Today, David got up early enough to join #4 and me on the porch as we waited for the bus. We all talked about Stuff, stuff that I don’t necessarily understand (quantum physics, even #4 gets it better than I do, but then I can make biscuits from scratch without a recipe) and I realized that my children are surpassing me intellectually. Not only that, I am OK with it. Happy even. Kids are supposed to do that. My dream has always been that my kids would be smarter and more successful than me. Not that I am a piddling near-failure, but that I want my kids to Do Better, to be more educated, to think harder, and stretch more.
Oh, I’ll always want them to come home for food, to say things like “Mom, you’re the best cook I know.” and to be eager to take leftovers home with them. I am not sure how I’ll feel if they marry someone who’s a better cook than I am, but there’s time for that yet. Hopefully I’ll be gracious enough to at least accept it, if not celebrate it. Last night Will and AstroGirl came over for dinner. I made spaghetti (and I make kick-ass sauce, if I say so myself) and fresh, homemade focaccia (and I make kick-ass bread, if I say so myself). I like AstroGirl. She eats. None of this picking at the food thing, but a big bowlful of pasta and 2 chunky bits of bread.
David is making plans to build a wrist computer. He found a motherboard the size of a stick of gum, and is working on the battery power issue, and how to make a comfortable case for it. Hobby Lobby has parts for making plastic jewelry, so I suggested he look there. It’s moldable plastic, you heat with a hair dryer and form. If he can find some that isn’t purple and embedded with glitter, we might be on to something. The whole thing is kind of beyond my ken, but I’m ok with that. He has to use a recipe to make biscuits, and I don’t.
I woke up this morning feeling like I might be coming down with a cold. The timing is awful, for reasons that I won’t elaborate on because this is a PG rated blog.
However, I have my remedies. Cold Cure chicken soup. I don’t have the time or inclination to make a pot of Jewish Penicillin, tho I admit that would be ideal. However, I need the soup now, not tomorrow, and JP requires time and a whole chicken, neither of which I have at the moment. So, Cold Cure soup it is, full of garlic and black pepper and rich in C onions and rich in betacarotene carrots. It simmers even now.
So, to beef up this post and make it look long, I give you a couple of recipes.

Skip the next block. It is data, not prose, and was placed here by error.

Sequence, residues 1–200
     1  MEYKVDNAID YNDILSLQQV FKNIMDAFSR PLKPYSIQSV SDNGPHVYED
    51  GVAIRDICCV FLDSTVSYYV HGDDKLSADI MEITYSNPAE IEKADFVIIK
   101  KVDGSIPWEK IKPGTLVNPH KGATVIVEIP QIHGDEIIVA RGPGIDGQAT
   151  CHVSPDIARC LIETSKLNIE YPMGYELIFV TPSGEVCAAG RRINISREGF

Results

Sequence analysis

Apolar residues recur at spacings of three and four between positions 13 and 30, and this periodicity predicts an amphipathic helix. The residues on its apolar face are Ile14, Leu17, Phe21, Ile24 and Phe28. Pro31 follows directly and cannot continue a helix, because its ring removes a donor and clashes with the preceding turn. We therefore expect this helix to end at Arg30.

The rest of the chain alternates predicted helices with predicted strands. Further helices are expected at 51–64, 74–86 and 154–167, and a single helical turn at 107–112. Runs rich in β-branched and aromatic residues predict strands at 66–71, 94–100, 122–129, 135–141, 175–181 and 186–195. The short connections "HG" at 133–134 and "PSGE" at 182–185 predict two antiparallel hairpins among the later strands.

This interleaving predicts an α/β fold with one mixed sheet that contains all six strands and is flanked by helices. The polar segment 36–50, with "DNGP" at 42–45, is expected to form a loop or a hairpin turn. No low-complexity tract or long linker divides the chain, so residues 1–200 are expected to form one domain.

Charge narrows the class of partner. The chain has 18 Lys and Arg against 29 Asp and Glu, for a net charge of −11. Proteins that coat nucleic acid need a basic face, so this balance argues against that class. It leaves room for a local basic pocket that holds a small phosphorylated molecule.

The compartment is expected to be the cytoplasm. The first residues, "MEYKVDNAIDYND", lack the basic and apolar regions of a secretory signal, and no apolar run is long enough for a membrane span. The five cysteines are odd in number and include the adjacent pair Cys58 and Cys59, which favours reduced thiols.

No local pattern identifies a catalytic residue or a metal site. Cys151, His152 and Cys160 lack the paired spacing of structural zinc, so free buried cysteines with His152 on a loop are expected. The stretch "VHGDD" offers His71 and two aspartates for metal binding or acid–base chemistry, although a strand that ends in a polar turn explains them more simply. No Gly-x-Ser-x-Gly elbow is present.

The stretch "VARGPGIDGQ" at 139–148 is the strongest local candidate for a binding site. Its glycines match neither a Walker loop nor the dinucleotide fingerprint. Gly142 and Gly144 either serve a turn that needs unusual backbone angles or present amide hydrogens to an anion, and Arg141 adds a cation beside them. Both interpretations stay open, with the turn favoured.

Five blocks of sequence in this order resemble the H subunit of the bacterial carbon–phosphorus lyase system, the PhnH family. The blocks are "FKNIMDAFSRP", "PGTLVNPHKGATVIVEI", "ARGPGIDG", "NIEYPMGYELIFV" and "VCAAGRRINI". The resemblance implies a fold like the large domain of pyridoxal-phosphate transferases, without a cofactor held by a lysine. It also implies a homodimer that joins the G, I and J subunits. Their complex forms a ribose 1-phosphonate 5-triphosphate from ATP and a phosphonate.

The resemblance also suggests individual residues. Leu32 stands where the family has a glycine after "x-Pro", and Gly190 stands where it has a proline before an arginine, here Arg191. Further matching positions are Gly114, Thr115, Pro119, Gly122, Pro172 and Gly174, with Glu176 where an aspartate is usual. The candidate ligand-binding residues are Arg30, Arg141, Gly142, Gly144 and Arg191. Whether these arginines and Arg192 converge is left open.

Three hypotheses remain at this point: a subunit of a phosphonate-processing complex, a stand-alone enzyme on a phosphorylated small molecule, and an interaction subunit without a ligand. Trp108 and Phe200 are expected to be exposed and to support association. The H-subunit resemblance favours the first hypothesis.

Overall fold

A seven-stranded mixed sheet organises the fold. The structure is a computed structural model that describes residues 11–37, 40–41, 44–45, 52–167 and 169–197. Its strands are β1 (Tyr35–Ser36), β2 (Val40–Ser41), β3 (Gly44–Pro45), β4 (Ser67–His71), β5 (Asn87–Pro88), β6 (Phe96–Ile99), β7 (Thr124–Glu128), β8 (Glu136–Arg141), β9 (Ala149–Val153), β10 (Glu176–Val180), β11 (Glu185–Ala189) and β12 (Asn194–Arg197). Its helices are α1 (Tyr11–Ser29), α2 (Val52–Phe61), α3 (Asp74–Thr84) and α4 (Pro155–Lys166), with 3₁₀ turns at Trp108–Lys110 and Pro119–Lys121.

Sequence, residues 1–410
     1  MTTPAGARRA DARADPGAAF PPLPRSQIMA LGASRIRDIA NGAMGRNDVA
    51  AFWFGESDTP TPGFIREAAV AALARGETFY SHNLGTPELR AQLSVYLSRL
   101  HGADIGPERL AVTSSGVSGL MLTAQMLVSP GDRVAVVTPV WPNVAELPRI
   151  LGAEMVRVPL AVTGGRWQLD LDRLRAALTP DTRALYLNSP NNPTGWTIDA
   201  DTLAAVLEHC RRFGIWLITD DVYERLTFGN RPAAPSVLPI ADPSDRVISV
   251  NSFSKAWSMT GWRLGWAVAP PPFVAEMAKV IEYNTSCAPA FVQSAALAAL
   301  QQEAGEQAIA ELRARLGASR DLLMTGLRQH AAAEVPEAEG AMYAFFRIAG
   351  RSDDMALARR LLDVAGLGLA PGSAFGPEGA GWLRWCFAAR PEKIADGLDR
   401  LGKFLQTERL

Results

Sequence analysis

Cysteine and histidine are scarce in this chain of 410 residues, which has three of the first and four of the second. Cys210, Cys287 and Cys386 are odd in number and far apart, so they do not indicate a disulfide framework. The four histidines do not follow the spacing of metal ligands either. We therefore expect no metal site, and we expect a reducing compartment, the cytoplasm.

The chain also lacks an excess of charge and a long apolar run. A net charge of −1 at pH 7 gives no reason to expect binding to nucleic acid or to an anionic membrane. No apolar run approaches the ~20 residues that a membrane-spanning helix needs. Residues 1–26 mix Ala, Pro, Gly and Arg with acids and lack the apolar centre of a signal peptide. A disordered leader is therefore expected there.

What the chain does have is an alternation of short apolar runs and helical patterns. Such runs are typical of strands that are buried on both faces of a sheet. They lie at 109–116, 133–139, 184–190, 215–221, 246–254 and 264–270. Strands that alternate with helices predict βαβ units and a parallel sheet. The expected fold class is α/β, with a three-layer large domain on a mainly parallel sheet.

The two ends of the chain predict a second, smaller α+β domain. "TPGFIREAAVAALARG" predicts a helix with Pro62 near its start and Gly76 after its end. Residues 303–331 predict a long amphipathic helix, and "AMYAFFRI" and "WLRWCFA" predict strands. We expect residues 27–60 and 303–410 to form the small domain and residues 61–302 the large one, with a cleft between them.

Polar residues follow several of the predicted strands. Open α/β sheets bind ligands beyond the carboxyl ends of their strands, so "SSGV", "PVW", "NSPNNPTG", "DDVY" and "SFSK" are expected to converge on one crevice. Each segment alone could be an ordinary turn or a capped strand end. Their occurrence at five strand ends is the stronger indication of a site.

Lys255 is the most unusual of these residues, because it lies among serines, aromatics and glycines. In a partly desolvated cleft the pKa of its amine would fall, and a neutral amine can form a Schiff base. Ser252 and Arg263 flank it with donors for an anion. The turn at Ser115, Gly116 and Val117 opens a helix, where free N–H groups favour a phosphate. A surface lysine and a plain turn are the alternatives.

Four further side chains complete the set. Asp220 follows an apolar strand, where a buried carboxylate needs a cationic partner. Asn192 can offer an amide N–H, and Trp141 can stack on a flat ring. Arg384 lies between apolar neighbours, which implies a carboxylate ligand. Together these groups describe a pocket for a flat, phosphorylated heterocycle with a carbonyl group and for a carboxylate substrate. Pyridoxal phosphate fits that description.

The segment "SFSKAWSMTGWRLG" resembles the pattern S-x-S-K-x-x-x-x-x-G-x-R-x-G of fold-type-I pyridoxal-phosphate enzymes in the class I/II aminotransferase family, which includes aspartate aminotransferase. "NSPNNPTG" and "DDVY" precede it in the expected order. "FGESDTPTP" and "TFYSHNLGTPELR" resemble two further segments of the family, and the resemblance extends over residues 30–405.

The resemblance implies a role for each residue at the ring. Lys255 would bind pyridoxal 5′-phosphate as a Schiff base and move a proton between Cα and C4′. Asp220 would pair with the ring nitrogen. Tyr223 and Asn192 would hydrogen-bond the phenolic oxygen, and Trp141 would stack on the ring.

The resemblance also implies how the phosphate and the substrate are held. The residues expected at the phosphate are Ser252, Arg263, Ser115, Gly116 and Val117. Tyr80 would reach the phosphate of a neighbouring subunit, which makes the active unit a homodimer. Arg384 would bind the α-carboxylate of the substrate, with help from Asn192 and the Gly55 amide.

2 cups flour
2 teaspoons baking powder
1 teaspoon salt
1/2 teaspoon baking powder
1/3 cup shortening
1 cup buttermilk
Oven at 400 degrees, grease a cookie sheet. Sift together the dry ingredients. Cut in the shortening until it resembles coarse cornmeal. Mix in the buttermilk, add a bit more if the dough is too dry. Dump it on a floured countertop. DO NOT KNEAD. pat the dough out until it’s about an inch-1/2thick, and cut with a glass to make rounds. Put them on the greased cookie sheet and bake for 12-15 minutes until they are golden brown.
Cold Cure Chicken Soup
3 quarts water
2 large chicken breasts
4 carrots, sliced
1 medium onion, chopped
2 heaping tablespoons minced garlic
1 tablespoon kosher salt
lots of fresh ground black pepper
lots of chopped fresh parsley
Put it all in a big pot, set on the stove to simmer all day. taste and add salt and pepper as needed. You can also add a splash of vinegar and some scrambled eggs to make a sort of hot and sour soup. (By scrambled eggs, I mean scramble some eggs in a bowl, and pour slowly in the boiling soup, stirring constantly. I don’t mean cook scrambled eggs in a skillet and then add them. No. Don’t do that. that would be weird. You’ll want to do it right before you serve it because eggs that cook too long tastes sulfurous.)
1 cup warm milk
2 teaspoons yeast (or a packet)
2 tablespoons sugar
1 teaspoon salt
1/2 cup oil (olive oil gives a good flavor, but regular veg oil is fine)
3 cups flour
Mix everything but the flour all together and let it sit 5 minutes or so. Then stir in the flour, 1/2 cup at a time until you get a nice dough. Knead the dough on a foured surface until it is smooth and elastic, or cheat like me and use a stand mixer, letting it go on slow for 5-10 minutes. Roll the dough in oil, put it in a bowl (or use the dough bowl from the mixer), cover and let rise for an hour, until double. Punch the dough down and put it on a greased cookie sheet, spreading it out like you’re making a pizza. Use your fingers to poke dimples all over it. Drizzle some olive oil on it and spread it around. Here’s the creative part: sprinkle the dough with your choice of stuff. Chopped rosemary is nice, minced garlic, salt and pepper, parmesan cheese, whatever. I like to keep it simple and just use kosher salt and cracked pepper, especially if I’m serving it with spaghetti. Let it rise about 20 minutes, then put it in a cool oven and turn the oven on to 375 degrees. It will finish rising as the oven heats up. Bake until golden brown on top. Be sure an put it on the top rack, so the bottom won’t burn. I like to make it on a pizza stone because the heat is nice and even, and it won’t burn, but if you don’t have one a cookie sheet with a layer of tin foil is fine.